An afternoon breeze tousles the waters of a tiny harbor here at the mouth of Narragansett Bay – nothing like the heavy winds, rain, and storm surge superstorm Sandy brought to the East Coast as October ended.
Armed with a cordless drill, Andrew Waite, a US Geological Survey (USGS) hydrologist, drops onto his stomach and scooches far enough over the edge of a weathered wooden pier to allow him to remove a length of narrow PVC pipe from a piling. It's not a task for the squeamish: The pier's deck looks as though seabirds have used it to practice carpet bombing.
Mr. Waite and a co-worker are retrieving storm-surge gauges deployed in advance of Sandy – a scene being repeated up and down the East Coast. The USGS will use the readings (six feet at this particular site) to update flood maps, and also to check the accuracy of surge forecasts, with an eye to improving them.
Both goals could hardly be more important, as global warming raises sea levels and severe-storm activity intensifies off the Eastern Seaboard and elsewhere. Assessing the risk that storm surges pose to future coastal homes and businesses goes hand in glove with efforts to reduce vulnerability to such events.
"You think about it, and putting factors like sea level [rise] and all that aside, you're building where you're going to get flooded," Waite says. "It's just a matter of time."
Indeed, damage from tropical systems such as Sandy are projected to multiply by the end of the century as the population grows and people put more assets in harm's way. That's true whether or not global warming, which many researchers say is feeding extreme-weather events, is factored in.
Tropical-cyclone damage now runs about $26 billion a year globally, according to a study published in January in the journal Nature Climate Change. By 2100, increases in population and wealth as economies grow could push that number to $56 billion a year, assuming little or no effort to adapt to the hazard.
Throw global warming into the mix and the number grows to $109 billion a year, the researchers calculate. Most of that added burden falls on North America, where, absent efforts to adapt to the changes, damage could range from $60 billion to $70 billion a year – roughly double the rate by 2100 that assumes today's climate.
Along the US East Coast, where Sandy and last year's hurricane Irene left chaos in their wakes, a perfect storm of rising sea levels and coastal development is brewing. Forty-two percent of the dry land up to one meter above sea level is already developed, and another 15 percent is slated for partial or complete development, according to a survey of state and local coastal development agencies in the region conducted three years ago by the US Environmental Protection Agency.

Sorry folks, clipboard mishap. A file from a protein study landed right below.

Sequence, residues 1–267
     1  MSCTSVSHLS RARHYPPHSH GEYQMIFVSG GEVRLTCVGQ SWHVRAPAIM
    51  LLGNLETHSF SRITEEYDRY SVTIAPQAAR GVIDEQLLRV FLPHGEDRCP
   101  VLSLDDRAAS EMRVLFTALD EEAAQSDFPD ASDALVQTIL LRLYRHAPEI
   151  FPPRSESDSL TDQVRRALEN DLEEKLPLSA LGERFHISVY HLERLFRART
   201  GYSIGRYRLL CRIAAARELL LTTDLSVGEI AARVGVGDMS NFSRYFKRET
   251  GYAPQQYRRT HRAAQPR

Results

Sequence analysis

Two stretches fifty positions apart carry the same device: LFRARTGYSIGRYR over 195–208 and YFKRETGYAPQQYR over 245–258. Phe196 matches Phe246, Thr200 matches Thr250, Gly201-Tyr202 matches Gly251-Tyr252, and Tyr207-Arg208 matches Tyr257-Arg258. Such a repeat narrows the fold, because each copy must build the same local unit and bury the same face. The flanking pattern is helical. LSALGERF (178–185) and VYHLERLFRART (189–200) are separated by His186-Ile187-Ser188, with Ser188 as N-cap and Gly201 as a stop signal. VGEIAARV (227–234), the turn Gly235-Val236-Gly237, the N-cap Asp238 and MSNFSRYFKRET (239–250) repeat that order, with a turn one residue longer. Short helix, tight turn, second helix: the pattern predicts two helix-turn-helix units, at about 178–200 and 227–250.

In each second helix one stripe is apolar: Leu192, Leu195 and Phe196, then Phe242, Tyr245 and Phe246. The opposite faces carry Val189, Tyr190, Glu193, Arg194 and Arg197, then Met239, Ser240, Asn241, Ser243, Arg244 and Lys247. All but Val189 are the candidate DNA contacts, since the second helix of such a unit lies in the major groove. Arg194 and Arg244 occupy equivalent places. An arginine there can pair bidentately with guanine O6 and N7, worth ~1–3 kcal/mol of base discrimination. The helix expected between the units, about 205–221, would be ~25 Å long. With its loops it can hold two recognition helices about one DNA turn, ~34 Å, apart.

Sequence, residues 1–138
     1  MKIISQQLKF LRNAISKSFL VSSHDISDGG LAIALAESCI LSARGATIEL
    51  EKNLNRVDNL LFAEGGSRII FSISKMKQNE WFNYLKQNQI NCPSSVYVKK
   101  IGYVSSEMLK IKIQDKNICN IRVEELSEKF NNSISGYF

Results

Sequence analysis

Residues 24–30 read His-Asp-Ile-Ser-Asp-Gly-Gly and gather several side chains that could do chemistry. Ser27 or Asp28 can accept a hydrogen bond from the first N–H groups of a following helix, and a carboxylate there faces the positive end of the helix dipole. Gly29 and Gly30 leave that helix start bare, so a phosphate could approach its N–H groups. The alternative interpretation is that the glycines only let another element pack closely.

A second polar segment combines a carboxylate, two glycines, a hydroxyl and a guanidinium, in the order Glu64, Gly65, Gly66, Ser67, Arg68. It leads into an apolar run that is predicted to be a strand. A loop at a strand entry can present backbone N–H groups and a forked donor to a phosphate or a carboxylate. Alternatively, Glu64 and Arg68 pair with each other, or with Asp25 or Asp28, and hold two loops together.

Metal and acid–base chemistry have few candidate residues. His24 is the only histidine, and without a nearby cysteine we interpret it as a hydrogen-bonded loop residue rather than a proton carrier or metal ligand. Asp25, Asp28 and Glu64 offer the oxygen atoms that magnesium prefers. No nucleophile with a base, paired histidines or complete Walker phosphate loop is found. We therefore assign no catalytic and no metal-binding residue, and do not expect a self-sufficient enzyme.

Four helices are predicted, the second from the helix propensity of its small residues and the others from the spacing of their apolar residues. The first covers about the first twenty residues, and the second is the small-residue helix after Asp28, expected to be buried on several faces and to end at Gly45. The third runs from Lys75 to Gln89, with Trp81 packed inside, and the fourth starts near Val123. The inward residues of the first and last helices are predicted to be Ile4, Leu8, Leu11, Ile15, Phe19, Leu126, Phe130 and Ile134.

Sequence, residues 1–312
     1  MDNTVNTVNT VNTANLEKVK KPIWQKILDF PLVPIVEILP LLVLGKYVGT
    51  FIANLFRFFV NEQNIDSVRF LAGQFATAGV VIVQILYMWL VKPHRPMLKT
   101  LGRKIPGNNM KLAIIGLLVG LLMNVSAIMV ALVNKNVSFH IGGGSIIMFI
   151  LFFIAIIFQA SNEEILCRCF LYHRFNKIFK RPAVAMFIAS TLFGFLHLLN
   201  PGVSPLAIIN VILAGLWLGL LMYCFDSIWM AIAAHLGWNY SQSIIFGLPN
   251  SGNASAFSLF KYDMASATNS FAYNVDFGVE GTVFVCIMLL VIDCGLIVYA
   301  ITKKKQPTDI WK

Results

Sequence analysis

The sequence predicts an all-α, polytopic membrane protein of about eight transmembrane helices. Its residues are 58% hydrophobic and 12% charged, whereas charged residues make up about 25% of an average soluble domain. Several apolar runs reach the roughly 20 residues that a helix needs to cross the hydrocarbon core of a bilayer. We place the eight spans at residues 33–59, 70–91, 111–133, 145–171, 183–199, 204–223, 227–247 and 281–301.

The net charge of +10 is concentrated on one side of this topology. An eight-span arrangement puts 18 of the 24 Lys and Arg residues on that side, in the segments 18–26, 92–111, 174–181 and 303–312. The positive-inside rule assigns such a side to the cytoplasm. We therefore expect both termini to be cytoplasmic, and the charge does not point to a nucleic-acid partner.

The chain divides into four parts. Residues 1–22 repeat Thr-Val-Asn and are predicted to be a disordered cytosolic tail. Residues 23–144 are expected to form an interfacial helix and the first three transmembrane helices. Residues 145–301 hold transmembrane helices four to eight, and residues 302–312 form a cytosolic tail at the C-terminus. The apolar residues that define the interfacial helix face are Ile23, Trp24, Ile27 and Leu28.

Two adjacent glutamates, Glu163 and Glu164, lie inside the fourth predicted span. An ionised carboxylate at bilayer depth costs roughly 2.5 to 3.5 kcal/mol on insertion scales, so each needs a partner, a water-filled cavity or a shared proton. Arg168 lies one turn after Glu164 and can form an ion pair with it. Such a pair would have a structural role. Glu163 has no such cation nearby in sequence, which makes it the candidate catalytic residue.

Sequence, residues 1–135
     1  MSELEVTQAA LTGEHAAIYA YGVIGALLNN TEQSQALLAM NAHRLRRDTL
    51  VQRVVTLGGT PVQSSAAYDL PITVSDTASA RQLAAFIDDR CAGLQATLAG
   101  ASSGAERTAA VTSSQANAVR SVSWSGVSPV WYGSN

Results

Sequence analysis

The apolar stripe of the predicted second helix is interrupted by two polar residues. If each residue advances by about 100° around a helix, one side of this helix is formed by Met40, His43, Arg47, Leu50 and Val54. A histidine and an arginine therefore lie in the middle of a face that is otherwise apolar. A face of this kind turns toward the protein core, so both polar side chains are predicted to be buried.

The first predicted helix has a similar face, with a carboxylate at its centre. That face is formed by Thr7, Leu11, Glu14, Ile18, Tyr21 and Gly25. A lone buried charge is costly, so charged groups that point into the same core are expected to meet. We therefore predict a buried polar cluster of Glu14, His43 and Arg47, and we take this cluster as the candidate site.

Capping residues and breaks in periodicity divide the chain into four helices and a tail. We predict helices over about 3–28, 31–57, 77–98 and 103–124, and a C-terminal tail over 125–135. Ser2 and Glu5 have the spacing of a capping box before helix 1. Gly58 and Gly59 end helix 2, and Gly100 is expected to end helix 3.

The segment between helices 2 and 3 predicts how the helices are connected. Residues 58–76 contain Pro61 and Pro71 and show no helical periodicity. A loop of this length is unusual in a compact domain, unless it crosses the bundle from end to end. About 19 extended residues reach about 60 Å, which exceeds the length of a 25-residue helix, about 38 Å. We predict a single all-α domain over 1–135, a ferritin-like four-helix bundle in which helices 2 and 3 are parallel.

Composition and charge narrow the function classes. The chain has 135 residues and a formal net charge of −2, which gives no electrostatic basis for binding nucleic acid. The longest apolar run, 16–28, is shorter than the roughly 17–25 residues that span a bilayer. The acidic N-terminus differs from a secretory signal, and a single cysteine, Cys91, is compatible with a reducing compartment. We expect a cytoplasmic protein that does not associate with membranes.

If communities and developers follow through on those plans, that would bring to nearly 60 percent the proportion of dry-land coast below one meter above sea level with more people and high-priced assets in harm's way. In the process, wetlands seaward of these developed areas would have no place to migrate as the sea level rises, leaving engineered barriers as the only protection from surge flooding.
A hot spot for rising sea level
Meanwhile, USGS researchers identify the coastline from Massachusetts to Cape Hatteras, N.C., as a "unique" hot spot for sea level rise. Rates of sea level rise there are three to four times the global average, even after taking changes in land elevation into account, according to their recent study.
For New York City, in particular, a one-meter sea level rise, coupled with hurricanes that are more intense and more frequent, could by the end of the century turn a once-in-100-year-average surge flood, such as Sandy delivered, to once in three to 20 years, states a study published in February by researchers from the Massachusetts Institute of Technology and Princeton University.
That estimate is only the latest to underscore the need to adapt to greater threat of flooding due to surges from coastal storms, as well as from other extreme events.
"We're doing a bad job of living on a planet that does its business by extreme events," says William Hooke, director of the policy program at the American Meteorological Society, based in Boston.
Pre-storm forecasting and post-storm emergency responses are getting better. "We're mastering that," he says. "But we should be spending an equal amount of time on trying to reduce the need for that emergency response in the first place."
That point is underscored by an August report by the National Academies titled "Disaster Resilience: A National Imperative."